In reality, the Albanese government has maintained the exact same funding model as its Liberal-National predecessor. It has likewise enacted no substantial measures to deal with workforce shortages. Labor’s “action plan” released last year involves largely token measures involving just $328 million of additional government funding over nine years. Several of its policies involve degrading the teaching profession, such as having university students take responsibility for classrooms before they have graduated.

The Labor government has suggested that it will this year increase spending on public schools to redress the shortfall in per student funding. No educator should lend any credence to this. Any additional funding allocations will take the character of an emergency stop gap aimed at preventing the outright collapse of school systems in some working class areas.

The framework of the government’s spending initiatives is highly regressive. This is the School Resource Standard, initially devised by corporate figure David Gonski more than a decade ago. This involves calculating school funding based on the number of students who are disabled, Aboriginal, live remotely, etc.—but the amount of money allocated is ultimately based on the calculation as to how much is required for 80 percent of students to meet literacy and numeracy benchmarks determined by the hated NAPLAN tests (National Assessment Program—Literacy and Numeracy).

In other words, even if every school received 100 percent of its School Resource Standard, which is highly questionable, this would still leave large numbers of students without the assistance and resources they need. Proper educational provisioning for all students, not just the wealthy, requires the allocation of vast additional sums of public funds, far beyond that proposed in any of the various Gonski models.

The Albanese government advances right-wing, pro-business policies at home while escalating militarism and war abroad. The AUKUS alliance with the US and Britain involves extraordinary new armaments spending, including $368 billion on nuclear submarines, equivalent to extracting nearly $150,000 each from all 2.5 million public school children. Numerous curriculum projects, especially in STEM (science, technology, engineering and maths), are now sponsored by BAE systems and other weapons manufacturers.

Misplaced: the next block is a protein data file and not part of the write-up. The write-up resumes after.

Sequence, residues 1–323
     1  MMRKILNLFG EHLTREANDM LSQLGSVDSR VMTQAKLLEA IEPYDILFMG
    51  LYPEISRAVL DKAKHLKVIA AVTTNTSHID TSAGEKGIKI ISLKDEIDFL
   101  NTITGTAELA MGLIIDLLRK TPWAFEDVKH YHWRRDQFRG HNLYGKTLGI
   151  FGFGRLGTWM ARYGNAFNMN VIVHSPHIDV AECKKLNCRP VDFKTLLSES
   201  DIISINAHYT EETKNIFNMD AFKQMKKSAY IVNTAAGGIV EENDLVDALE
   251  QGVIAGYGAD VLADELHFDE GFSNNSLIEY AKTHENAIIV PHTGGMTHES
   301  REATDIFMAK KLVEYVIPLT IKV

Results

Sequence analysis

The Labor Party’s complicity in the genocidal Israeli onslaught on Gaza has extended to victimising and threatening teachers and school workers who have taken a public stand in solidarity with the Palestinian people. Educators have been slandered in the media, falsely accused of anti-semitism, and threatened with disciplinary measures including deregistration. The Committee For Public Education demands the end to all such victimisations and defends the democratic right of all educators to voice their opposition to war and imperialism. 

The CFPE seeks to unify the struggles against war and militarism, against the systematic degradation of the public education system and for decent wages and conditions for all school workers. This can only be effectively taken forward in opposition to the Labor government and the entire political establishment, as well as against the AEU apparatus.

We urge educators to form rank-and-file committees in your schools. These would unite school staff—teachers and education support staff, union members and non-members alike—with supportive parents and students, providing a democratic forum to exchange information and discuss what needs to be done. Within each school, a rank-and-file committee would strive to return decision-making power to educators, including on how and what they teach, countering moves to silence teachers while principals and Department of Education officials exert unchecked authority.

A wide network of rank-and-file committees, led by trusted staff members in each school, can collectively discuss the way forward and develop the necessary industrial and political struggle. This would involve a determined turn out to other sections of the working class confronting similar problems, in the first instance fellow public sector workers such as nurses and hospital workers.

The struggle for high-quality public education, as well as healthcare and other fundamental social rights, clashes at every step with the diktats of big business and finance capital. This is the case in every advanced capitalist country, with public schools under attack around the world. The CFPE calls for the widest discussion among educators on the necessity for an internationalist and socialist program, which would involve the establishment of a workers’ government and the implementation of policies based on social need, not private profit, including free, high-quality education for all from kindergarten to the tertiary level.

The CFPE, initiated by members and supporters of the Socialist Equality Party, has a principled record of fighting for the interests of teachers, school staff, and the working class as a whole. We have collaborated with educator rank-and-file committees internationally developed through the International Workers Alliance of Rank-and-File Committees. We pledge every assistance to educators seeking to establish and build rank-and-file committees in your school and encourage making contact with the CFPE to discuss this perspective.

Email: cfpe.aus@gmail.com
Facebook: www.facebook.com/commforpubliceducation
Twitter: @CFPE_Australia